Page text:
Everyone has an opinion and everyone is quick to offer advice. I’m as guilty of this as anyone else, but this inevitably lends itself to two very troubling issues. First, it’s a lot easier to give advice than it is to follow it. Second, a lot of advice you get will contradict other advice you had previously received. And this is how we arrive at the problem of the hustle.
The “hustle” is a mindset and a manner of living that is increasingly championed by people who we perceive as successful. That’s a real go-getter right there. We should all aspire to be like him. Or should we?
Serving from an Empty Vessel
As you scroll your way through social media, you’ll likely encounter reminders of the importance of “me time.” Take a moment to enjoy your cup of coffee. Curl up with a good book, draw yourself a bubble bath, or even indulge in a spa day. You deserve it.
I see this a lot in parenting circles, where moms and dads feel compelled to take on the role of martyr. We sacrifice ourselves for the good of our children, because it’s no longer about us; it’s about them. It’s for them. But you cannot serve from an empty vessel.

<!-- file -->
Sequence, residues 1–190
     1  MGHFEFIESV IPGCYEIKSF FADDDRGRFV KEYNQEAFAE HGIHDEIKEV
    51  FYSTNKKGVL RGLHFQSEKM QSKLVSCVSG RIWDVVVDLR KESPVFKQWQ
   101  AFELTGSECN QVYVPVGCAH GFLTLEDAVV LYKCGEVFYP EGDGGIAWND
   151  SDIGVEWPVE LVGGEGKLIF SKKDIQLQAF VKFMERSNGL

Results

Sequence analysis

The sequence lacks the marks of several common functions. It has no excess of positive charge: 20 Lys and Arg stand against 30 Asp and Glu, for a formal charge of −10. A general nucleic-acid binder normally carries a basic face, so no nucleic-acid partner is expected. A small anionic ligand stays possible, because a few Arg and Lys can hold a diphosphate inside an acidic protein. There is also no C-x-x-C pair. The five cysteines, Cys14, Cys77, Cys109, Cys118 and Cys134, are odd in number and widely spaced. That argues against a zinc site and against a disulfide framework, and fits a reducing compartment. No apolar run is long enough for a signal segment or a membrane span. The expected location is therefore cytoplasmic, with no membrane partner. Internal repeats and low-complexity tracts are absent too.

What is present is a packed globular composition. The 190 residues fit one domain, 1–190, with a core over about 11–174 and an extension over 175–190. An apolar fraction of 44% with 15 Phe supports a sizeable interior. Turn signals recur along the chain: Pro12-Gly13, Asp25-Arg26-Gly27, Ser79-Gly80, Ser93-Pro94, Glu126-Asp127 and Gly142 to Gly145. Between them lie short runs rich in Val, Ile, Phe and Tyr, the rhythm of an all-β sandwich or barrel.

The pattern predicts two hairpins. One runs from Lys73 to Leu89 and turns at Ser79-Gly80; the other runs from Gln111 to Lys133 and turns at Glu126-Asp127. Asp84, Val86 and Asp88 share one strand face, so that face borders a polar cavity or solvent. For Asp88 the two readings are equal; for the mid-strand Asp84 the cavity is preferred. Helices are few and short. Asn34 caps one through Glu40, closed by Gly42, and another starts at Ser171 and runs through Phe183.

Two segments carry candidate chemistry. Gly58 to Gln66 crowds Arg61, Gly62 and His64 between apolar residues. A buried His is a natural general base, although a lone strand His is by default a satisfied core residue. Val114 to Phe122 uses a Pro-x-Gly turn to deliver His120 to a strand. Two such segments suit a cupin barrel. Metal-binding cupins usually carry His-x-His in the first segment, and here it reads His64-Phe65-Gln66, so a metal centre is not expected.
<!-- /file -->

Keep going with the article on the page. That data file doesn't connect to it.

You Can’t Stop the Hustle
If you want to be successful, you have to put in the hours. You need to eat, sleep and breathe the work that you do. It’s not about work-life balance, because balance is for losers. You want life-work integration where your life is all about your work, because that’s the only way you’ll ever achieve greatness.
Have you heard this before? Particularly in this age where entrepreneurship is at an all-time high and just about anyone can launch a business on the Internet, it’s all about that hustle life, right? These are the individuals who feel an unbridled compulsion to go places, both literally and figuratively.
We now live in a culture where if you don’t fetishize the hustle, you’re enabling a life of mediocrity. And laziness. Why aren’t you out there, making the most of who you can be? Why aren’t you passionate about what you do?
Success or Serenity Now?
Neither vision is complete. While you may achieve a greater sense of inner peace with the former, you may also be riddled with guilt over what could have been. While you may have a greater shot at success with the latter, you’re also much more prone to burnout. And when is “good enough” actually good enough?
There’s no winning here… unless you make the conscious decision to redefine what “winning” means in the first place.